Feb 15, 2019
Buying items online with auctions
How Internet Auctions Work â€” Rules of the Marketplace
Internet auction sites give buyers a â€œvirtualâ€ flea market with new and used merchandise from around the world; they give sellers a global storefront from which to market their goods. But the online auction business can be risky business. The Federal Trade Commission (FTC) wants to help buyers and sellers stay safe on Internet auction websites. Among the thousands of consumer fraud complaints the FTC receives every year, those dealing with online auction fraud consistently rank near the top of the list. The complaints generally deal with late shipments, no shipments, or shipments of products that arenâ€™t the same quality as advertised; bogus online payment or escrow services; and fraudulent dealers who lure bidders from legitimate auction sites with seemingly better deals. Most complaints involve sellers, but in some cases, the buyers are the subject.
Registration. Most Internet auction sites require buyers and sellers to register and obtain a â€œuser account nameâ€ (or â€œscreen nameâ€) and password before they can make bids or place items for bid. Keep your password to yourself. If you share it, another person could access your account and buy or sell items without your knowledge. That could damage your online reputation â€” and eventually, your bank account.
Fees. Some sites require sellers to agree to pay a fee every time they conduct an auction, whether the item is sold or not. Other sites charge a fee only when an item is sold.
The Auction. Many sellers set a time limit on bidding and, in some cases, a â€œreserve priceâ€ â€” the lowest price they will accept for an item. When the bidding closes at the scheduled time, the item is sold to the highest bidder. If no one bids at or above the reserve price, the auction closes without the item being sold.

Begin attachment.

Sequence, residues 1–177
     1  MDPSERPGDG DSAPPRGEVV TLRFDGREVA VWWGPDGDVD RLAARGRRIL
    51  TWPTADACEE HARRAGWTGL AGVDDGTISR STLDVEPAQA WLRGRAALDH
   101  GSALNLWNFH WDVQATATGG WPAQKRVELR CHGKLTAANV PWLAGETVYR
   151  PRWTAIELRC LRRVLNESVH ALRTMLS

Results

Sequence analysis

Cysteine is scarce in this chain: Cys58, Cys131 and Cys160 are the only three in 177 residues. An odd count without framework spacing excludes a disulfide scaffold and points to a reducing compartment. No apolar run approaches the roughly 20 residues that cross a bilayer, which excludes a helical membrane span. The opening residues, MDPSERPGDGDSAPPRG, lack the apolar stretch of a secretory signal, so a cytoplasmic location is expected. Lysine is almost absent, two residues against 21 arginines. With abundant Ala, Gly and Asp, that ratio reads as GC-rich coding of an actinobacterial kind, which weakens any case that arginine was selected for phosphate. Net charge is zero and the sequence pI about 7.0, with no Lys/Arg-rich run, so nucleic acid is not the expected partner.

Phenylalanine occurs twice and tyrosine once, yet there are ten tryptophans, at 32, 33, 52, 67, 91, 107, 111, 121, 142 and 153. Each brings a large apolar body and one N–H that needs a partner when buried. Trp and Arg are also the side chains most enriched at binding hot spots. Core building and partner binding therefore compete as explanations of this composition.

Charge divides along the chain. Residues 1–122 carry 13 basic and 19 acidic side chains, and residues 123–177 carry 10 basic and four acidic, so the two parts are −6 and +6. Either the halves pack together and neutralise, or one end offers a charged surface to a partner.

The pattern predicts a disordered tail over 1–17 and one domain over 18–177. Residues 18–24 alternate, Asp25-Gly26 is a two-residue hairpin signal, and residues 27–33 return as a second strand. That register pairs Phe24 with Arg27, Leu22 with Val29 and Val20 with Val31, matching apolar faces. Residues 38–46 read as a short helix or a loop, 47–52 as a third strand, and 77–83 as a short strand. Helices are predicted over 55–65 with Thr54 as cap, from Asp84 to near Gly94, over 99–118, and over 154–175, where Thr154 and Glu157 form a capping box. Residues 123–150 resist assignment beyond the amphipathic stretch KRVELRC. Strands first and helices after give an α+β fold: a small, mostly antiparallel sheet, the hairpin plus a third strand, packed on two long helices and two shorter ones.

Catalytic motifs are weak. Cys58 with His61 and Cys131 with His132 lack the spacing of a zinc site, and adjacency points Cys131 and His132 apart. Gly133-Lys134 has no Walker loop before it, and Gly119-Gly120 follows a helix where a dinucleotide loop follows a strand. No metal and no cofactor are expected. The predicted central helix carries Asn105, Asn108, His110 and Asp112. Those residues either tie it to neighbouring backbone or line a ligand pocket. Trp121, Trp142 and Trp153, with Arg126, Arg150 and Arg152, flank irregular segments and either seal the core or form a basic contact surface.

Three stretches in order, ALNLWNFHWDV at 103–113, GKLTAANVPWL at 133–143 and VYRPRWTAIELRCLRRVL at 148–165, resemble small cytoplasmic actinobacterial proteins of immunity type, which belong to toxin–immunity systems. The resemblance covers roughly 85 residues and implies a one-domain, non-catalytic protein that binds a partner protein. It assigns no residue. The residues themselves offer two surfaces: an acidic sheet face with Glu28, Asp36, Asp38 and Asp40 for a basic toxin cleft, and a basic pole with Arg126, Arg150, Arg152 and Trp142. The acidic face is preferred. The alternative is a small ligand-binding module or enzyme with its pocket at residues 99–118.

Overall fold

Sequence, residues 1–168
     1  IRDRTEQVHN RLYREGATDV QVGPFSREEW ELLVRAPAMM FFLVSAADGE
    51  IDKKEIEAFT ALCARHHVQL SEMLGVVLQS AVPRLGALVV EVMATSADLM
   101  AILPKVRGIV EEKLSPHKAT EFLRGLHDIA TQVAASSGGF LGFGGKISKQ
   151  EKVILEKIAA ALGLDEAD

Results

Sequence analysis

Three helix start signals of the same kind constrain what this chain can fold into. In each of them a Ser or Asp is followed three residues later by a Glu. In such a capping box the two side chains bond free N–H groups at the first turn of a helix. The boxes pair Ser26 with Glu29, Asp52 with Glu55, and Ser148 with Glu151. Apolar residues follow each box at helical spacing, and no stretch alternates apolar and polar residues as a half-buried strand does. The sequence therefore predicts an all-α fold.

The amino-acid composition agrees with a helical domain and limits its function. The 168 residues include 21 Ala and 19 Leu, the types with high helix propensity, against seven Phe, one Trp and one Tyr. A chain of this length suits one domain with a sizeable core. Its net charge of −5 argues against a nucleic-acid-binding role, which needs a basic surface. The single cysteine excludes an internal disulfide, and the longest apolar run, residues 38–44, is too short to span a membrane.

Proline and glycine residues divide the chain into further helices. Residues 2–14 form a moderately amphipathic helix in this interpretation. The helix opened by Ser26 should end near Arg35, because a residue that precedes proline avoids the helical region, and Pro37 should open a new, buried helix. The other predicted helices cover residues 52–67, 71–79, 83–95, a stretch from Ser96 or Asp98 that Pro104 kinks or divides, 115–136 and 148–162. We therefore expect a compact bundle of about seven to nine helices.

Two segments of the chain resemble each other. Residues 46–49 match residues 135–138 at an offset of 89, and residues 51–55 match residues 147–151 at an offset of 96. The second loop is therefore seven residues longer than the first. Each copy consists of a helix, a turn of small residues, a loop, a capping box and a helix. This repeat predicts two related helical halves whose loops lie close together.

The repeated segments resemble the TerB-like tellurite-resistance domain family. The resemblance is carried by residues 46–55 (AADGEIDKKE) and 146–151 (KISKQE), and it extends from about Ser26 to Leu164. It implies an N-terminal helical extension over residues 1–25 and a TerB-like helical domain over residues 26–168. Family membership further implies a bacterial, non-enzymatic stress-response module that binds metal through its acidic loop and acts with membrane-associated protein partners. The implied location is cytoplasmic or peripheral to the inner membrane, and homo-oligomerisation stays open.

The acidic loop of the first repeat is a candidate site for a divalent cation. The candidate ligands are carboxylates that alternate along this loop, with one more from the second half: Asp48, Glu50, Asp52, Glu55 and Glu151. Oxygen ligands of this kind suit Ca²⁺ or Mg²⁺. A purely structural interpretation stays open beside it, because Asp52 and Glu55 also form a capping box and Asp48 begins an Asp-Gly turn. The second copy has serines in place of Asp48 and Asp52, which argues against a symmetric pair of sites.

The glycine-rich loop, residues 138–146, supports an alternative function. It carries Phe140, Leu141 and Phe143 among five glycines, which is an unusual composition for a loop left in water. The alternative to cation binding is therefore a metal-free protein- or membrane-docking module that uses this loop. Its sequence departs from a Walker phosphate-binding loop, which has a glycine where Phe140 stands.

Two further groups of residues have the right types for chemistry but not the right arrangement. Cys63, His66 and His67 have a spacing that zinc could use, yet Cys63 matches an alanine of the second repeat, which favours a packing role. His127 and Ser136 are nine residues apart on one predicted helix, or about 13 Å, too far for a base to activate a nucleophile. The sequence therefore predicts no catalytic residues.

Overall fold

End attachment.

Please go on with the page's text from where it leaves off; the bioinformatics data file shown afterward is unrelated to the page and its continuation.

Some auction sites allow sellers to set a price at which a buyer can purchase the item without competing with other bidders. A buyer can choose to purchase the item for the price the seller has set, without bidding.
After the Auction: Arranging to Pay and Deliver Merchandise. At the end of a successful auction, the buyer and seller communicate â€” usually by email â€” to arrange for payment and delivery.
Be aware of â€œphishing:â€ emails sent to you asking for your password or other personal information that look like theyâ€™ve been sent by an auction website or payment service. Usually, these emails are fishing for your information and are coming from someone who wants to hack into your account.
If you get an email or pop-up message that asks for personal or financial information, do not reply. And donâ€™t click on the link in the message, either. Legitimate companies donâ€™t ask for this information via email. If you are concerned about your account, contact the organization mentioned in the email using a telephone number you know to be genuine, or open a new Internet browser session and type in the companyâ€™s correct Web address yourself. In any case, donâ€™t cut and paste the link from the message into your Internet browser; phishers often make links look like they go to one site, but actually send you somewhere else.
The information on this site was created by the Federal Trade Commission and has been compiled by the site owners, who are not responsible for any errors or omissions. Site design is a trademark of quantastic.com © 2008